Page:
Arts and Culture
The ubiquity of change and movement in contemporary urban landscape exceeds present cognitive and sensitive abilities of our species. Sensorial hyper-stimulation usually translates into a form of blasé (1) attitude, however the multiplication of urban rhythms also provides for the capacity to develop new perceptive skills such as increased coordination, synchronization and punctuality (2) .
To further explore this embodied potential within an architectural context this paper introduces Japanese ‘Movement Space’ (3) as potential learning ground for contemporary architecture practice. This specific architectural configuration show alternative movement patterns to traditional (western) geometric architectural configuration. By means of movement forms, like for example zig-zagging floorplans and spiraling sections ‘Movement Space’ catalyzes open-ended actions that inform both the design process and enact (alternative) social-environmental interaction.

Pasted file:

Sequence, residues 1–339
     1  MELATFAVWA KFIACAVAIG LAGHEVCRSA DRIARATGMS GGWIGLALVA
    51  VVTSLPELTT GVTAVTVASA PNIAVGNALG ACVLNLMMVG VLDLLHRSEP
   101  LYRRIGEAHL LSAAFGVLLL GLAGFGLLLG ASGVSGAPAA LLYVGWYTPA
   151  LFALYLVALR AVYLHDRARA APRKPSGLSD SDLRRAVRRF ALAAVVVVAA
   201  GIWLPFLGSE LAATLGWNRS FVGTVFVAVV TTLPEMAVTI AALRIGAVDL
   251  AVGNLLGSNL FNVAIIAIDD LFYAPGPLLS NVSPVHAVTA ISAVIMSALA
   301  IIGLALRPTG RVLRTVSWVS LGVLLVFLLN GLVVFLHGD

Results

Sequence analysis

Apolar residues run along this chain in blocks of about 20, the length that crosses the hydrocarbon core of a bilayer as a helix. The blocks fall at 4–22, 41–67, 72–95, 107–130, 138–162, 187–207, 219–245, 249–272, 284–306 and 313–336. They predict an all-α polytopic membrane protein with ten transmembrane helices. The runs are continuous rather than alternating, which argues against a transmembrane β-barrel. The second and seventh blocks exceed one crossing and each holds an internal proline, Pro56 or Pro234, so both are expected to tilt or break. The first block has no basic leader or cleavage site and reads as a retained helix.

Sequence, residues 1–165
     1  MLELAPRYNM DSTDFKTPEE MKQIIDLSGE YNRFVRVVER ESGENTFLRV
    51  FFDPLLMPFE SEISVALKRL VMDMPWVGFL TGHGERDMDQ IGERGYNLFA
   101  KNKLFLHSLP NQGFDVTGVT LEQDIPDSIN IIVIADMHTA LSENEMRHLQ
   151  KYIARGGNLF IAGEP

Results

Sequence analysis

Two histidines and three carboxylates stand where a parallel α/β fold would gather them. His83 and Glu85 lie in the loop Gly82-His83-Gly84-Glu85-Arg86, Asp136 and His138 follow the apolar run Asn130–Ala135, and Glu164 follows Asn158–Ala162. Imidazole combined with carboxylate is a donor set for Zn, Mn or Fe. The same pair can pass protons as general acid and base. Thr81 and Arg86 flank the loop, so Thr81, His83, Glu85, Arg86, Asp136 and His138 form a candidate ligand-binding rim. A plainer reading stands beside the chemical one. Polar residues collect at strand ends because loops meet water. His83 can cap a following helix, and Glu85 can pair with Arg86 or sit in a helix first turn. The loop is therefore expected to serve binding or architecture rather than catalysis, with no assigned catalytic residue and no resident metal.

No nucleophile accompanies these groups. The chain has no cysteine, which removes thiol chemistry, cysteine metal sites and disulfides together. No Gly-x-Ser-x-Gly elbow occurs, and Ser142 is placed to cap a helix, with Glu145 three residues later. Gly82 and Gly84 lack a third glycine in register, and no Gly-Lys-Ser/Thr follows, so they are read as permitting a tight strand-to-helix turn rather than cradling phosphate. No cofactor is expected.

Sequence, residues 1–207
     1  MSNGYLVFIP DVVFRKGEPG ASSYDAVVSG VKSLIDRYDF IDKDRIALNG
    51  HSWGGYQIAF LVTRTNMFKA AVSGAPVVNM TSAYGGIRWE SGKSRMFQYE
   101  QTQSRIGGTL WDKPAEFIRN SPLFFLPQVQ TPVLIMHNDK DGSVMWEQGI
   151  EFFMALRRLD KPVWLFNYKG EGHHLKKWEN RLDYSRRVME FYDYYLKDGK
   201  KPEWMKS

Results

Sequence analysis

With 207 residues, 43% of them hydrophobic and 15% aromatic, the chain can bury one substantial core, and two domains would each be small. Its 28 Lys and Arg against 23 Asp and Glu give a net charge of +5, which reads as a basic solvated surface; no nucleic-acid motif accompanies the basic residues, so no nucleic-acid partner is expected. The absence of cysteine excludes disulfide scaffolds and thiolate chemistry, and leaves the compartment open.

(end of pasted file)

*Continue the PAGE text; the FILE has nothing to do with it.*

Because of its embodied nature this paper is, if the conference context allows for it, accompanied with a spatial installation. In the context of scholarship by exhibition design an abstract interpretation of the Tei'gyoku-ken garden and tea house in Kyoto, Japan is presented.
(1) Simmel, G. (1950). The Metropolis and Mental Life. In D. W. from K. Wolff (Trans.), The Sociology of Georg Simmel (Originally published in 1903, pp. 409–424). New York: Free Press.
(2)During, E. (2010) ‘Loose Coexistence: Technologies of Attention in the Age of the Post-Metropolis’, in Cognitive Architecture: From Biopolitics to Noopolitics. Architecture & Mind in the Age of Communication & Information ed. by Deborah Hauptman et al. Rotterdam: 010 Publishers.
(3) Inoue, M (1985) Space in Japanese Architecture. New York, Tokyo, Weatherhill.